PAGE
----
If a particular project you’re working on involves a good deal of sanding, then you are definitely going to be burning through more sanding belts. There are ways for you to address the constant need for fresh sandpaper running through your belt sander, but why don’t you consider saving a good amount of cash by gluing the belt yourself?
You may have already noticed that the sandpaper you buy in any hardware store can come in roll form. With a little ingenuity, you will find how this can be used to your advantage. Read on to find out more.
Industrial Adhesive (Building adhesive will do the job)
A Sanding Stone
Some 2×4 Wood Blocks
A Marker and Pencil
A Ruler and Protractor
1. Pick the appropriate sandpaper with grit which would work for your particular project. Remember that tougher projects call for rougher grit sandpaper.
2. Take the sandpaper roll and wrap it around the pulleys of a belt sander, like you were putting a new belt in. Give an extra half inch allowance because this will be where you will be gluing the paper together into a loop. Use a marker or a pencil to remember where the overlap will be.
3. Flip the sanding paper over; take your protractor, and measure a precise angle of 32.5 degrees from the mark you just made. Using a pencil or a marker, draw a straight line to the other end of the paper roll, following the said angle.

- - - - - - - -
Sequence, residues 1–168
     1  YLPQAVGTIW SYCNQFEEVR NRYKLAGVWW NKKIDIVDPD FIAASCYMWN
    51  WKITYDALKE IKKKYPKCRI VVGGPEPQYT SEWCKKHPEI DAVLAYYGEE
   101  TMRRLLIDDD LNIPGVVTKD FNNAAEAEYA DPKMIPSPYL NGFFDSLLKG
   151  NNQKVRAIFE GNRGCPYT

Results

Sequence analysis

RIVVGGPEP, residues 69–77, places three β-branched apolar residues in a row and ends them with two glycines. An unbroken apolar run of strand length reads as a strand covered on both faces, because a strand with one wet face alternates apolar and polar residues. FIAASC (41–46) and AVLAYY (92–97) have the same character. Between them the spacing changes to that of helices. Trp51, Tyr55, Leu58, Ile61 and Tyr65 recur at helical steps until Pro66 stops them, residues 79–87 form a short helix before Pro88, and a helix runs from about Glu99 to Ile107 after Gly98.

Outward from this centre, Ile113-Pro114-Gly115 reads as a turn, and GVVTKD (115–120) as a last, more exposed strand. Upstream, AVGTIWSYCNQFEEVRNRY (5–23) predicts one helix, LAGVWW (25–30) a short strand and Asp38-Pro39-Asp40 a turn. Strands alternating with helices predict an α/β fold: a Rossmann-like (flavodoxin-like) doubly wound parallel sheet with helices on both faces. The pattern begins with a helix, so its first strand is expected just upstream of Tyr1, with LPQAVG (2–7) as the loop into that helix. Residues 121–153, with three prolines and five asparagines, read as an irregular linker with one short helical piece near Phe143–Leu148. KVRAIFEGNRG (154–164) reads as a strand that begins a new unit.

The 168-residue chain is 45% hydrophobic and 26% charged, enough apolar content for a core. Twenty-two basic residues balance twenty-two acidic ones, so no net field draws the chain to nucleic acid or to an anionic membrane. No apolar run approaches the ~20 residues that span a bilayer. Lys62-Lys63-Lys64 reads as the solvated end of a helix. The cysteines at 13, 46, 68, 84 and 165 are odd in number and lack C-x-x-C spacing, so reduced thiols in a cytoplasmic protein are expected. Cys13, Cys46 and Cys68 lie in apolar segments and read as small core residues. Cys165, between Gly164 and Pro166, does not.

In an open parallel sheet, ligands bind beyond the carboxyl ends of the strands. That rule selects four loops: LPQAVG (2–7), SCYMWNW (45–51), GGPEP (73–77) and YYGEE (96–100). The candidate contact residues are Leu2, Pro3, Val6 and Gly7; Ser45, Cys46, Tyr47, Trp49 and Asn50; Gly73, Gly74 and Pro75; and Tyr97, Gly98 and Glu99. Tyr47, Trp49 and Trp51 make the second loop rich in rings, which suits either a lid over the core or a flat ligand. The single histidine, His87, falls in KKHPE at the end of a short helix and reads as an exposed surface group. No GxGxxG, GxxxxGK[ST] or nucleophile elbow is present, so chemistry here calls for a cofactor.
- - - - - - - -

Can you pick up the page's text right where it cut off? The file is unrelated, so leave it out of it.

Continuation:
4. Take your knife, and carefully cut along this line you drew; again, it is measured at 32.5 degrees. Repeat the previous step and this one in order to make an appropriate cut to the other end of the paper at the same angle.
5. Take your ruler, and measure half an inch away from the edges of the sandpaper. Mark these areas with a line, and use your sanding stone to smooth out the sand a half inch away from the edge of both sides. These will serve as the areas where you will be gluing the paper together.
6. Ready the adhesive, but wrap the sandpaper around a 2×4 block, rough side facing up, and with the smoothed ends on top of the wood. Brush the adhesive onto these ends, and take time to ensure that the ends are aligned perfectly before actually sticking them together. To ensure that the bond stays, weigh an additional piece of wood on top of the 2×4.
7. You can use clamps to hold the wood together, so the adhesive really does its work. Wait at least 8 hours for the bond to complete and dry.
8. Remove the clamps, lift the wood block and take your new sanding belt out of the 2×4. Use as necessary.
You can use this technique to make several sanding belts out of one roll of sandpaper. Make the most out of your resources, and you will have extra belts in case something happens.
You should make sure that the belt’s angle is running towards you after you install the belt and put it to work.